what newspapers actually do is sell their customers to advertisers. So what if the standard of courtroom reporting drops, no-one cares. Everyones standard of reporting is also dropping because everyone is doing exactly the same thing. If you can get some kid to fill the space for 50% of the wage then great. It doesn't matter that the actual article is shit.
Posts: 19996 | From: the crespo of a wave | Registered: Jun 2002
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I bought the newspaper storyline hook, line and sinker. Newspapers here BLOW, and this showed why.
All in all a great final season. One of the rare seasons I was absolutely on the edge of my seat for the entire McNutty-Freamon insanity. Like I said, I'll have a big writeup for the entire series when I get the chance.
But Snoop's "how does my hair look" was one of the most wonderful death scenes around.
And yes, while Kima was always McNulty's protege, she went over to the Bunk side the last few eps. And yes, Sydnor has learned from 2 of the best/worst.
another ridiculous character was the FBI dude who comes in and yammers on at the stony-faced mcnulty and kima all about his media work. the show got by without these caricatures before.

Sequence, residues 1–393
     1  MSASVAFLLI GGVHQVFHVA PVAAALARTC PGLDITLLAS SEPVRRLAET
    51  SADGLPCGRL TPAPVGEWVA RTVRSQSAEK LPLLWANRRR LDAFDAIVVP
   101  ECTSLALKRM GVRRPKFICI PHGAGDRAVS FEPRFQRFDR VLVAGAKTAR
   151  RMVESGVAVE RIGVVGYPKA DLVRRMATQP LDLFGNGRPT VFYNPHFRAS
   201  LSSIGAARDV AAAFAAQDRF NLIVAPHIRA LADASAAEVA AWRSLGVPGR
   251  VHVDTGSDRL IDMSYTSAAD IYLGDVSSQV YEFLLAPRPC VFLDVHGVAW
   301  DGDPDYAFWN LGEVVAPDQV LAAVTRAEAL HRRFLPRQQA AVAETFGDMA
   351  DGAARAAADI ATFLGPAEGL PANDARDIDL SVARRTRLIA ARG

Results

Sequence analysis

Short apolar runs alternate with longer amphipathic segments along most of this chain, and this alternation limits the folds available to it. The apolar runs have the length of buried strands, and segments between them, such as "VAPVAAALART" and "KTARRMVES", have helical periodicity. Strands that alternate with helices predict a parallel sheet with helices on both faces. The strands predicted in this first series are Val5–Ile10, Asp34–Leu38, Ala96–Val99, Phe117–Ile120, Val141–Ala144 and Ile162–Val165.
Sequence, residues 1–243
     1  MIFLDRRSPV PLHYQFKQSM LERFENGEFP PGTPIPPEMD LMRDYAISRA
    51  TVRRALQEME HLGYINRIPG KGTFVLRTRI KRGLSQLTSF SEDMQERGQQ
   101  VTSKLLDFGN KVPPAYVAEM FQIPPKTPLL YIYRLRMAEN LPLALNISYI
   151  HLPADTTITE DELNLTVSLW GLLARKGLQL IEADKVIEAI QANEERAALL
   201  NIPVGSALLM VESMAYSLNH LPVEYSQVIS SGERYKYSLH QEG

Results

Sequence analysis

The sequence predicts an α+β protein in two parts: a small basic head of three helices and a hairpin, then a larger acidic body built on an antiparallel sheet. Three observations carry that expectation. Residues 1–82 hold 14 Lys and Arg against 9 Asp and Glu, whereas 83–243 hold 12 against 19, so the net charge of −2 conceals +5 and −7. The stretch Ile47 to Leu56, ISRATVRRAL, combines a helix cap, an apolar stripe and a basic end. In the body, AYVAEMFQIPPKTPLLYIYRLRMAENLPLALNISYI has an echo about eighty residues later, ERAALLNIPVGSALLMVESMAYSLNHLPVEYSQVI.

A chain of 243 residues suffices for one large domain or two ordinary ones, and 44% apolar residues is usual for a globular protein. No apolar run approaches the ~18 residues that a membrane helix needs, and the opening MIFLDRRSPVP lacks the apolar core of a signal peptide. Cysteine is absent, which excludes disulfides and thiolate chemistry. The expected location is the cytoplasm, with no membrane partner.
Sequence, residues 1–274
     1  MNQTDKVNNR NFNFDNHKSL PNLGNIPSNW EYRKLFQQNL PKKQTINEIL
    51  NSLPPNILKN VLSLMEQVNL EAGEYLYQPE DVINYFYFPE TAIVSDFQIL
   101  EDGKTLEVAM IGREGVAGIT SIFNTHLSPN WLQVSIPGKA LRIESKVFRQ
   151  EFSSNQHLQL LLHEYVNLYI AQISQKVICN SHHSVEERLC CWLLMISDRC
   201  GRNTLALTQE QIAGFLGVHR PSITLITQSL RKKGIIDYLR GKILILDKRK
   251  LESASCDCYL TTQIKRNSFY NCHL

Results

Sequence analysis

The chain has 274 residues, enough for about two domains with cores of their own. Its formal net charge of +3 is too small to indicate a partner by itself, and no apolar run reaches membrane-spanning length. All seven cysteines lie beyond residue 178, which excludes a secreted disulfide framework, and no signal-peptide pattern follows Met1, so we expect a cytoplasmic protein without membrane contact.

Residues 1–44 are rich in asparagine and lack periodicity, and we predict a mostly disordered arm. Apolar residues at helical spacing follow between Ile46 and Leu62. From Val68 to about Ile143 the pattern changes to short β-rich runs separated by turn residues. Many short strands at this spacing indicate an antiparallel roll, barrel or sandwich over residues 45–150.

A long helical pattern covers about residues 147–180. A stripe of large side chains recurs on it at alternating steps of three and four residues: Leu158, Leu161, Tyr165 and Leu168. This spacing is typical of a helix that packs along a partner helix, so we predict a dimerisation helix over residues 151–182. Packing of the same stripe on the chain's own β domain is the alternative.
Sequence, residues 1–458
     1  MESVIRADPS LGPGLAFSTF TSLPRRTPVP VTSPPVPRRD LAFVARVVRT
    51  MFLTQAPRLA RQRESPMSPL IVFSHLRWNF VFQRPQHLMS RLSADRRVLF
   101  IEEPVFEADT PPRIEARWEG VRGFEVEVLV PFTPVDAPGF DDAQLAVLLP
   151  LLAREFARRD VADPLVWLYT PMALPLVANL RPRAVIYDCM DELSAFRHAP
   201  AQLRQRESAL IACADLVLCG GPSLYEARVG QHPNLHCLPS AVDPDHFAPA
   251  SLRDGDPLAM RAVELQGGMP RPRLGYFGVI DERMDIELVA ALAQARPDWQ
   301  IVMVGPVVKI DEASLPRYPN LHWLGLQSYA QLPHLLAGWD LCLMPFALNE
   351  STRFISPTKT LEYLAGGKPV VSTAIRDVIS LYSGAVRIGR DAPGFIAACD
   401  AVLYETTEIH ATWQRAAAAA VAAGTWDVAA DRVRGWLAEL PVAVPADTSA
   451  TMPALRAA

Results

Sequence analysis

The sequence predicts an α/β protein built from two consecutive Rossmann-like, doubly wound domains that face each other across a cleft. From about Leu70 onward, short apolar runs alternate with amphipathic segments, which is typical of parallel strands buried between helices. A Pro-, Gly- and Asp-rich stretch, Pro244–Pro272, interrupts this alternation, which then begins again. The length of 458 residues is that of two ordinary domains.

I'll have to disagree, as the guy who took over the Major Crimes Unit in season 4 was a direct parody of the intense, forceful, order-barking lieutenant of network tv. Simon's had a few parodys of network television police, and how his characters look down on them. Especially the bit with the FBI agent being a consultant on CSI and taking on the Unabomber for 18 years, and McNulty-Kima not being impressed and saying that they took on 300 murders last year.
The point Simon made is America loves serial killer stories and FBI stories, when cities have thousands upon thousands of drug murders every year. The caricatures were a way of saying "here's the fake shit, I drop the real shit."
Posts: 9565 | Registered: May 2002
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you're right that that character was an example of a dismally two-dimensional pre-fifth series character. but remember he was called marimow, after a baltimore sun editor david simon fell out with. i didn't realise he was meant to be a parody of a network tv cop, maybe because i don't see network cop shows. when i read about the marimow connection i assumed his self-righteous stupidity was designed to mock simon's old boss.